The Darth Vader/Luke Skywalker is pretty much the centerpiece of the entire series, so there's nothing new to explore there, but the Stormtrooper likely about to be gunned down by a pile of blaster-toting members of the rebel alliance? I feel for him. Just look at his frown!

This is truly the saddest basket or tote or whatever it is I've ever seen. I wonder how many tears it can carry.

March 12, 2014

Snow is Cumming...

Do u have the right tool for the blow job?

(Ribbed for Mother Nature's pleasure.)

March 11, 2014

Daniel Bryan Serpico T-Shirts

Daniel Bryan's anti-authority angle has made him vaguely resemble Frank Serpico more and more over the past 9 months in both look and attitude, but his new t-shirt is more on the nose than ever. The typography of the "YES Movement" certainly borrows from Shepard Fairey's Andre the Giant "OBEY" design (which is sort of meta in and of itself), and Bryan's off-camera gaze is reminiscent of both Fairey's Obama "HOPE" poster and the iconic image Che Guevara, but my brain always goes directly to how much it looks like Al Pacino from the Serpico movie poster. In reality, Bryan has dirty blonde hair, but the image on the shirt has super dark hair. It makes me wonder how many of the visual references are intentional choices by the WWE designers and how much are just coincidences. 

I suppose we'll find out at Wrestlemania XXX when Triple H is scheduled to shoot Bryan in the face and ruin his chance for a Main Event title shot. 

March 10, 2014

Totino's Pizza Fella

I'm sure most professional wrestlers these days stay away from carbs, but I still love that they chose Sheamus to promote this--he's the same color scheme as a pizza.

February 27, 2014

EXTREME MOTT'S!!!!!!!!!!!!!!!!


January 31, 2014

The $cales of Justice

In an effort to reuse the ten thousand paper and plastic bags we have sitting around, I recently filled one up from a place called White House Black Market. I grabbed the rope handle to pick up the bag and discovered that the full length of the handle combined with the full length of my arm was a wash--the bag sat motionless on the floor.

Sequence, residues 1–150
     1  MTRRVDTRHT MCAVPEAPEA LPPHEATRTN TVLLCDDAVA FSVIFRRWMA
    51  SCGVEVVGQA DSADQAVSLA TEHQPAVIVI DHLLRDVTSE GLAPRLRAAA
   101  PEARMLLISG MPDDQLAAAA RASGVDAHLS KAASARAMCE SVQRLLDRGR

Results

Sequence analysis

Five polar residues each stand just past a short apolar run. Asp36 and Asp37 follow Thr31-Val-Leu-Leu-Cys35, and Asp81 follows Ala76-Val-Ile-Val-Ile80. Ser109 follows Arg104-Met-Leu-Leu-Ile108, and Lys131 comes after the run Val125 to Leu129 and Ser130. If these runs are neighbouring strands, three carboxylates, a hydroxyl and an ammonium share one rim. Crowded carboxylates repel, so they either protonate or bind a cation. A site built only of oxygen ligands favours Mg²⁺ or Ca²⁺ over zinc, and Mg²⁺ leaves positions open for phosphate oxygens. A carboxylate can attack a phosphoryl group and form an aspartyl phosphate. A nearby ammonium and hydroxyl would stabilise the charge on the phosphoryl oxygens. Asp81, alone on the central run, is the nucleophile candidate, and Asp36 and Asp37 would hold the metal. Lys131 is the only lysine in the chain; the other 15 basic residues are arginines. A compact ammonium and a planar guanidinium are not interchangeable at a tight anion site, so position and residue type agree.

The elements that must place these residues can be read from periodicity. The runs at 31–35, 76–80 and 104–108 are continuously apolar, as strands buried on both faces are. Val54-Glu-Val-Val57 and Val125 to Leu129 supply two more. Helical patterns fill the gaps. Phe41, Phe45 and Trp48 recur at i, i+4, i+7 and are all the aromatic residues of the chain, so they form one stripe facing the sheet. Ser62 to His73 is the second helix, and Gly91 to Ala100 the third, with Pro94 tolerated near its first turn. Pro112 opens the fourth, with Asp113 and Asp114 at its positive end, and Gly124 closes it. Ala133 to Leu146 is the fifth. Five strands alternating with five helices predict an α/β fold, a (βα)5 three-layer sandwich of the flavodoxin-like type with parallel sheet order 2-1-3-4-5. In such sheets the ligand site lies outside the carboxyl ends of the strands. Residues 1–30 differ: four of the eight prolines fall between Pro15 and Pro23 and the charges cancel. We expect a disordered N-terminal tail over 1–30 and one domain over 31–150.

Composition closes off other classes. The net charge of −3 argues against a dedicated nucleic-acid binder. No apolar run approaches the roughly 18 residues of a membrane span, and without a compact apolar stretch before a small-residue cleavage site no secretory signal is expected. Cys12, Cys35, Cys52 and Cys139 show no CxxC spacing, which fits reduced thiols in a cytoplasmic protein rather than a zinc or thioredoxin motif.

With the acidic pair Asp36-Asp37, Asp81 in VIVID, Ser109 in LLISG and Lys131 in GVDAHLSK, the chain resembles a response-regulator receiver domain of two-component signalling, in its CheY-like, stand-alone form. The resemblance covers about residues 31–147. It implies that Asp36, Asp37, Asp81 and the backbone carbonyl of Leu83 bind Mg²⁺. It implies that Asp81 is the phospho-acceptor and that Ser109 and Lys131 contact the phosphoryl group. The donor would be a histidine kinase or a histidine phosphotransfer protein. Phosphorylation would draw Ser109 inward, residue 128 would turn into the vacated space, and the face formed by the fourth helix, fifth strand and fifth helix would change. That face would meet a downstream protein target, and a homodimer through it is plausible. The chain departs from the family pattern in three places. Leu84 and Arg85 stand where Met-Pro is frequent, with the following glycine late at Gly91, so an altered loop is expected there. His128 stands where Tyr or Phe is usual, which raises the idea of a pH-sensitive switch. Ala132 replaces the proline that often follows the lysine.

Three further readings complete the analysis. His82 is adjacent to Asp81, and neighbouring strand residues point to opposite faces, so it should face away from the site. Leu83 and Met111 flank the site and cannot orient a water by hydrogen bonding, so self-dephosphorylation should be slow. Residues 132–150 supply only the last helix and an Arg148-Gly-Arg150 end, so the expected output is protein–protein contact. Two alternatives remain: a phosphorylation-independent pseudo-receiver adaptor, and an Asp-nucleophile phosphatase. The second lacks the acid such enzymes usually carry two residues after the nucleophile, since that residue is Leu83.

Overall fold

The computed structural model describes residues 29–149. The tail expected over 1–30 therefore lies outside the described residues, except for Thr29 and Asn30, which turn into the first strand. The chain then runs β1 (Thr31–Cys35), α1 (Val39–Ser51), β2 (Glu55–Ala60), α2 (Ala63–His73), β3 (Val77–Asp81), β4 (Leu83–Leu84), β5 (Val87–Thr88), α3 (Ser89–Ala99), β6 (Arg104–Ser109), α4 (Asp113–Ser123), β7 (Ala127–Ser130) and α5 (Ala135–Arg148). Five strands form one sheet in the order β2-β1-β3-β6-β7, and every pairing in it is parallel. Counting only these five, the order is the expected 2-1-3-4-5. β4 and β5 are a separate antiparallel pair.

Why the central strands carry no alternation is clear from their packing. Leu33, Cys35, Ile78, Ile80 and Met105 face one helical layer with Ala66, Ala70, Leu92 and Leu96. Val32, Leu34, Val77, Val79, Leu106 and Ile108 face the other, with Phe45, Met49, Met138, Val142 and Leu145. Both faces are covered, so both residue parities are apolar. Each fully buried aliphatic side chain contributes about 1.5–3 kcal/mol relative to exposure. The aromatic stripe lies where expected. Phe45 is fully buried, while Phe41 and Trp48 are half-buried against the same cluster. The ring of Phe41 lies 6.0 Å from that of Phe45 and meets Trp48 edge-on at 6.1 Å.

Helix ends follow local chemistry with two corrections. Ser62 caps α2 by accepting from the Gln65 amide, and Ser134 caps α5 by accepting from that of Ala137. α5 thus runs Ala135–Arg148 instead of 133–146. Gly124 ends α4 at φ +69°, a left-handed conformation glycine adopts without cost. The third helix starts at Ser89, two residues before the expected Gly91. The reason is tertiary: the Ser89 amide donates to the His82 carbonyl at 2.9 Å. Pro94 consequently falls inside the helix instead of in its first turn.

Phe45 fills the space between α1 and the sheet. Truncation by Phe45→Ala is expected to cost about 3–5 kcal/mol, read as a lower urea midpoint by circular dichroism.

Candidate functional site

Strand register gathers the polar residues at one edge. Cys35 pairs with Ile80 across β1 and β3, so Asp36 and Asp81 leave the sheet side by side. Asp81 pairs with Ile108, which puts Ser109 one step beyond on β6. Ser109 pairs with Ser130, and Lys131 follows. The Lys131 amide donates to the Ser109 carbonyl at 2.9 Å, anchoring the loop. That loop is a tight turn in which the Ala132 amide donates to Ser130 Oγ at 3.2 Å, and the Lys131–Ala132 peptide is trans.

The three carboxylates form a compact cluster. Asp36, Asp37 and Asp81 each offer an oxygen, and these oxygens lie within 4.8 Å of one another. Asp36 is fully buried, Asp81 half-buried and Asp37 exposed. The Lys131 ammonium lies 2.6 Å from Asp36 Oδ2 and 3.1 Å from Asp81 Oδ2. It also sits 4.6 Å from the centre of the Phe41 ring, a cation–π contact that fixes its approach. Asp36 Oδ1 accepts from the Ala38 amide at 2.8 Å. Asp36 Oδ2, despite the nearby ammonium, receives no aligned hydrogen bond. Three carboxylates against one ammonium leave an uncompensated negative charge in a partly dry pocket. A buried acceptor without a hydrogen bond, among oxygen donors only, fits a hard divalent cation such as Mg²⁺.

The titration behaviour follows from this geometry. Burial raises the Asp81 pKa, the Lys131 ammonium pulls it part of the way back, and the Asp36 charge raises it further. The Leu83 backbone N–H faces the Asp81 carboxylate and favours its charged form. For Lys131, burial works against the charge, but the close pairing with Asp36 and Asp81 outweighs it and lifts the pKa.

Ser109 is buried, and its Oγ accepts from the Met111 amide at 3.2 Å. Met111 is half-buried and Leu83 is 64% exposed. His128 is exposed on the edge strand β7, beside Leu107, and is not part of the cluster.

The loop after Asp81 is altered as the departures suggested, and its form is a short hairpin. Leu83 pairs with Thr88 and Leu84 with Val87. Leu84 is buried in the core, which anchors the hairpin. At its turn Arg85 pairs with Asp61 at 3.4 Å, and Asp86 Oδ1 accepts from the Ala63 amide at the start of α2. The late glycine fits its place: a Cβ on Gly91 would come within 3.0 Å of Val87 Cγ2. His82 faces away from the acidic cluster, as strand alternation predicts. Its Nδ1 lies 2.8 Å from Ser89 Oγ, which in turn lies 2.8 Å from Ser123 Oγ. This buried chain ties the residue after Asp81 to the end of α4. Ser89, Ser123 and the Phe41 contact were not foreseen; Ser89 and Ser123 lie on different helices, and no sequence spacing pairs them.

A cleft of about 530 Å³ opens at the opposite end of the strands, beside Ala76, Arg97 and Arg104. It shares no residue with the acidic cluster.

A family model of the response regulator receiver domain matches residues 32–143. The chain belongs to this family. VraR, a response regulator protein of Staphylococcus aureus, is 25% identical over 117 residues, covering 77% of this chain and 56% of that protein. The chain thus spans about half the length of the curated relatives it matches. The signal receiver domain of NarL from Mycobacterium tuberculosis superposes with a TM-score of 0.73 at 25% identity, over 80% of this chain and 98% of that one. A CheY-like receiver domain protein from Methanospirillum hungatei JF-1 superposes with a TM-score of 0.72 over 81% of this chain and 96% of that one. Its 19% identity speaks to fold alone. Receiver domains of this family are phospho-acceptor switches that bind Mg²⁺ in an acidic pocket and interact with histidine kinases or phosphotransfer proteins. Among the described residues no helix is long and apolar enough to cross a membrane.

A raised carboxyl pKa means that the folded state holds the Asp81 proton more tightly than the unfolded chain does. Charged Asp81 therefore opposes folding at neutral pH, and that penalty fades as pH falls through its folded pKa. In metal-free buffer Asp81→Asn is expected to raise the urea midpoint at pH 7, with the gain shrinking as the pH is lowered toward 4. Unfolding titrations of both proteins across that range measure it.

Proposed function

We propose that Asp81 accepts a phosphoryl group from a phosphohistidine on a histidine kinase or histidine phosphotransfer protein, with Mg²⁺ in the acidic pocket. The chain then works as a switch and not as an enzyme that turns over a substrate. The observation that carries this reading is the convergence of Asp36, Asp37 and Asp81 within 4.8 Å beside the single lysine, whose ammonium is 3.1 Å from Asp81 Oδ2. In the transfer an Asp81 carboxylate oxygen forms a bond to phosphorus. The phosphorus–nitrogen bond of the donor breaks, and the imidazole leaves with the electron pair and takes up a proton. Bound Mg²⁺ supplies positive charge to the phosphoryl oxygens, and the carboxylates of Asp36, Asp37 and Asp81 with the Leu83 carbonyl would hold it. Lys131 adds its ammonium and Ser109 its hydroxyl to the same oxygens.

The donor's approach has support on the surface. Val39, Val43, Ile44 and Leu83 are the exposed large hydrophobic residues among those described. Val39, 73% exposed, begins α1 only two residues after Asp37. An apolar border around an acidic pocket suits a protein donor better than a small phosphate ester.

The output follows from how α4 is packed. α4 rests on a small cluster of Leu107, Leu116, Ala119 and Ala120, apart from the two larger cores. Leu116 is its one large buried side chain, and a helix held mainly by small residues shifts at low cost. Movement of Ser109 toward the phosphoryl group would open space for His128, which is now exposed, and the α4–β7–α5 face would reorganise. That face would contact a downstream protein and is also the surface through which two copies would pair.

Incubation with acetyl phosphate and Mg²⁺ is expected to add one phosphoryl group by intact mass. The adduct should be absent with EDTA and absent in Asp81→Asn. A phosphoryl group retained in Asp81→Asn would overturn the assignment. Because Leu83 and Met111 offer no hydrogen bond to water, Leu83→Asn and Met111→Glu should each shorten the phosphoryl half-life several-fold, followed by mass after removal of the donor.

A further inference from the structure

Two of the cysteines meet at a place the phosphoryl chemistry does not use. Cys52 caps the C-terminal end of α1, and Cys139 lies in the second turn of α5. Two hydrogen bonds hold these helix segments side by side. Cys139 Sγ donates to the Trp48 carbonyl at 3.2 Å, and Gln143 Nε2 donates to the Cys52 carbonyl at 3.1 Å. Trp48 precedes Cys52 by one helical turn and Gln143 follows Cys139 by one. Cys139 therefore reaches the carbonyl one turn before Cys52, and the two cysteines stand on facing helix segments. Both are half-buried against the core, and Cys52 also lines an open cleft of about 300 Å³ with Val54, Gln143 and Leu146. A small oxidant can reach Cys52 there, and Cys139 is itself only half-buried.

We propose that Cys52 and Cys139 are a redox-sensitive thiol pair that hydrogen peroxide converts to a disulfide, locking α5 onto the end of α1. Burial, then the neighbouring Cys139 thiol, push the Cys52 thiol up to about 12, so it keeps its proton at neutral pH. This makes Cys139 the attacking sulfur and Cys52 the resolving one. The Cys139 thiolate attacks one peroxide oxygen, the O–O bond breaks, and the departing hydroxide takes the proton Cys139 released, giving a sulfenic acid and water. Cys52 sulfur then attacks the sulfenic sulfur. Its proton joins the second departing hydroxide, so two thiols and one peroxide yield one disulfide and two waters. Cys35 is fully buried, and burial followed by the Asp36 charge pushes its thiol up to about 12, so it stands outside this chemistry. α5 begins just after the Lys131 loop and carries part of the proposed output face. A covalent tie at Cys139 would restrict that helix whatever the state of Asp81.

Now I've never been accused of being a tall guy, but I'm at least the height of the average woman, which I would presume is the target demographic of that store. Maybe they expect you to carry the bag on your arm/shoulder, but I would guess that most people buying something from that store already have a bag slung over their shoulder. I had a backpack on that day, so putting this bag over my shoulder wasn't a comfortable option.

I ended up looping the rope around my hand a few times just to keep the bag from dragging on the ground. Look at the ridiculous size of that rope! If it were a little shorter, I think all problems would be solved.


January 21, 2014

8 in One, 2/3 of a Dozen in the Other...

...and both at different prices!

At Home Depot, you can buy 8 furniture skates for $8.27.

Or, you can buy 4 and get 4 bonus skates for even more money!

The choice is yours.

January 3, 2014

If You Suspect It, Report It...

Less poetic, but still more efficient than "If You See Something, Say Something."

(Also, if you suspect this photo is sideways, report it to The Blogger mobile app team. I have rotated it in every direction, and that's the only way this thing will publish it.)

December 1, 2013

The RoBeast Wrestling Book Reviews: Vince Russo - Forgiven / Linda Hogan - Wrestling the Hulk

This past summer, I decided it was finally time to get a NYC library card. I don't think there was a specific book I wanted to read, but I knew that I wanted to consume more about the wrestling industry than television and video were able to feed me. Over the last year I'd gotten deep into wrestling again (I guess this afflicts me every twenty years) and, like every other wrestling mark, thought about what it would be like to work for a wrestling company in some capacity.

"Make sure you get the cross in the shot."
Depending on whose book you pick up, it can either inspire or discourage that path. Vince Russo's Forgiven was a good introduction into the world of both. I didn't watch much wrestling during Russo's tenures at the top of WWF and WCW (the mid-90s to the early 00s), but those days and his polarizing impact have become infamous in wrestling history. Forgiven covers Russo's life from birth through the WWF Attitude Era and his departure from the company as the Monday Night Wars are heating up.
I was most interested Russo's route from superfan to WWF employee, and he was very clear about how he managed to make that happen--he simply wrote a letter to Linda McMahon. It's mind-boggling that in 1992, writing a letter to the CEO of a company was a legitimate way to get a foot in their door, but Vince Russo's gamble paid off. I only wish a copy of it was published in the book.

From there he finds himself getting promotion after promotion, amassing huge paychecks and interesting anecdotes about various wrestlers, while becoming completely overwhelmed by his workload. If Russo's story is to be believed (and for the most part, I see no reason not to believe it), he was basically writing Raw and Smackdown by himself every week. This was an era where scripted promos were becoming the norm, so that was certainly a lot of content to produce for television. Combined with the travel, he was guaranteed to see his family as much as the talent--almost never. Vince McMahon seems to have no interest in work-life balance (a theme that reoccurs in many of these wrestling books) which is a wake-up call to Russo. The book ends as Russo quits the company in '99 and jumps ship to WCW, which is addressed in a second book.